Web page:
What an extraordinary book! The author did a superior job researching every category of life during the War of 1812-military, social, political, fiscal. Momentous achievement considering this is probably the least documented war, the least popular, the least well-known.
I wanted a book that could teach me what I never learned in school and walked away feeling like I didn't retain half of the information included. I think I may buy this book instead of using the library copy.
8 reviews
September 19, 2013
A great example of someone who has made an industry out of a single book.

This was good for its time, but decades of scholarship have passed and it's well past its prime. The "new" edition released for 2012 is essentially the same thing as are most of the other books written on the War of 1812 by Hickey--lots of dramatic prose and anecdotes, very American-centric, and very elite white male.
4 reviews2 followers
September 23, 2013
Guns, ships, facts, figures and little else. Where are the Canadians in this? Where are the Native Americans? Where are the women? Where are the African slaves? The idea that war is simple about movements on a battlefield is long since past; the homefront, public opinion, the social history of it all matters (well, at least to good historians interested in telling a "complete" history of a conflict).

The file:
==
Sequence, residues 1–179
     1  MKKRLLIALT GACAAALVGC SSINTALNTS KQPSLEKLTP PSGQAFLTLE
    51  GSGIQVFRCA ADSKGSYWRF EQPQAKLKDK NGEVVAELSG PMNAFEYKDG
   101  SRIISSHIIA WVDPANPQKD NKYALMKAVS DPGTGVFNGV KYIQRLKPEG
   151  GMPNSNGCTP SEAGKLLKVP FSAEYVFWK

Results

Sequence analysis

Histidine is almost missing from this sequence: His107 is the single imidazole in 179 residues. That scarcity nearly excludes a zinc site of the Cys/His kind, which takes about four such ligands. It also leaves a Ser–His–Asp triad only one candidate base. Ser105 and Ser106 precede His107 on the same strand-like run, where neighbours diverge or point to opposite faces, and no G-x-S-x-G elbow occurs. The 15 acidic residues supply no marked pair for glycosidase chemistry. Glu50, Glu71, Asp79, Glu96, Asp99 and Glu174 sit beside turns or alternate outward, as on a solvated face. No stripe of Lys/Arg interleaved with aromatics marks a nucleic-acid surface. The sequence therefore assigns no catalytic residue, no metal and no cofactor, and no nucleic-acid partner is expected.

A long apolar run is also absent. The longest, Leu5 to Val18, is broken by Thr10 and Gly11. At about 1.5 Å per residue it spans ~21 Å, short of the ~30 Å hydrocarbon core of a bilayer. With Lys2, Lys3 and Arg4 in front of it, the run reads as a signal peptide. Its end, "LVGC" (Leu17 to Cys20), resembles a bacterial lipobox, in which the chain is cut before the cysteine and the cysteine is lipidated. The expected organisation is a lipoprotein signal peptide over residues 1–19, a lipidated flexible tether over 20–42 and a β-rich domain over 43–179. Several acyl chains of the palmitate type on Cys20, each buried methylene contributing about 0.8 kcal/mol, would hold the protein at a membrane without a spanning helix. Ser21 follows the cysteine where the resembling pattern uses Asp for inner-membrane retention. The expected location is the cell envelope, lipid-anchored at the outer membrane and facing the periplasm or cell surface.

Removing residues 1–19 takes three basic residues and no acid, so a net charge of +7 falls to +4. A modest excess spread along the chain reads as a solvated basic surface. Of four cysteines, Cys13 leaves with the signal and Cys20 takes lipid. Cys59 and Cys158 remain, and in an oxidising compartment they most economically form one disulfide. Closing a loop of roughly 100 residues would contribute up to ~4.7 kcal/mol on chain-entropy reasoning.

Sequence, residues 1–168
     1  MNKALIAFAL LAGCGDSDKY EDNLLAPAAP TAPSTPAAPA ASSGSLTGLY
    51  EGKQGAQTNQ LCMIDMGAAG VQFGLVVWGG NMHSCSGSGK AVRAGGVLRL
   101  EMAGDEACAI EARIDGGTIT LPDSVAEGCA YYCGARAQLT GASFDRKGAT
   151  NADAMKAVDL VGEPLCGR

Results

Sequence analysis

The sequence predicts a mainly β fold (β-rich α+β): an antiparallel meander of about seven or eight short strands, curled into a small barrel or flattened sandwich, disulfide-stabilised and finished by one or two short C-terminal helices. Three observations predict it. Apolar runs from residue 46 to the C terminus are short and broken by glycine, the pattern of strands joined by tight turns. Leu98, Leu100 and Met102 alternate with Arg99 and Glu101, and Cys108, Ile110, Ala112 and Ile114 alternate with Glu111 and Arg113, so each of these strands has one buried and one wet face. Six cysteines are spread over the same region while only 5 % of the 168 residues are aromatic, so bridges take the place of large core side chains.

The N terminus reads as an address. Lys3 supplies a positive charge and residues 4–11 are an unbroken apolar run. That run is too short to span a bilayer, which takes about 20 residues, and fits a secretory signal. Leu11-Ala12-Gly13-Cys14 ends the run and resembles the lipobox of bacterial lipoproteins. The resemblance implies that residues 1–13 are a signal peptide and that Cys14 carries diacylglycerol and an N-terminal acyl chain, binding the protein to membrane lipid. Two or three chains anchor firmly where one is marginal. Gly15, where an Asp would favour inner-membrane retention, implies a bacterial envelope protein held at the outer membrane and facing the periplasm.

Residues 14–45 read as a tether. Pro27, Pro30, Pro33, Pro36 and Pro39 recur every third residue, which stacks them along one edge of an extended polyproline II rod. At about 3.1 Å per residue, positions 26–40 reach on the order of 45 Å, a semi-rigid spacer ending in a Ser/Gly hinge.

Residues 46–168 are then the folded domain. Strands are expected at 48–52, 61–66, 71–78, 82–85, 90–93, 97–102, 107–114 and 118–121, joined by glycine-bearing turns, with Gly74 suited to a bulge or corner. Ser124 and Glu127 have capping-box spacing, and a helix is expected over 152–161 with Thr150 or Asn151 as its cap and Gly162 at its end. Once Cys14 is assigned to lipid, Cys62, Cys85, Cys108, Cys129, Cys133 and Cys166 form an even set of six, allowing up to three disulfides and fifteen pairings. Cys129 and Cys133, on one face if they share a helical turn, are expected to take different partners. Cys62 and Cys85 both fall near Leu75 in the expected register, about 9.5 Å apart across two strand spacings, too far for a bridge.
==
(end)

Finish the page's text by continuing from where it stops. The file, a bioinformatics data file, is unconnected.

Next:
I'm OK with books just being about battles, so long as they are honest about it--"a naval history of . . .", "a tactical history of . . ." are honestly helpful.

Exception to my review:
1) The description of the Baltimore Riots was interesting--not great prose but an interesting event that broke the pattern of the rest of the book.

Much, much, much better books on the subject out there for those looking for a more complete history of the war.

PS Don't call it a new edition when there is very little new in it. For a historian who has made his career out of the topic, I was expecting something substantive in the new edition.
Profile Image for Steve.
4 reviews
March 31, 2009
There is no story to this book. It is just a list of troop sizes and how many guns per ship. Like reading a high school term paper. The only interesting part was the detailed description of The Battle of New Orleans.
Profile Image for Alex Stephenson.
232 reviews2 followers
August 22, 2022
Not a book with much flowery prose or great writing, and some of the info is surely outdated, but I found it a great basic overview of the conflict, its problems and the consequences it left the US in the long-term. Lots of political careers were kick-started during this turmoil, some notably (Andrew Jackson, William Henry Harrison, Henry Clay), and others (such as Daniel Webster's, Zachary Taylor's and Martin van Buren's) that I knew next to nothing about. Intriguing stuff.
Profile Image for Neil.
67 reviews
July 20, 2012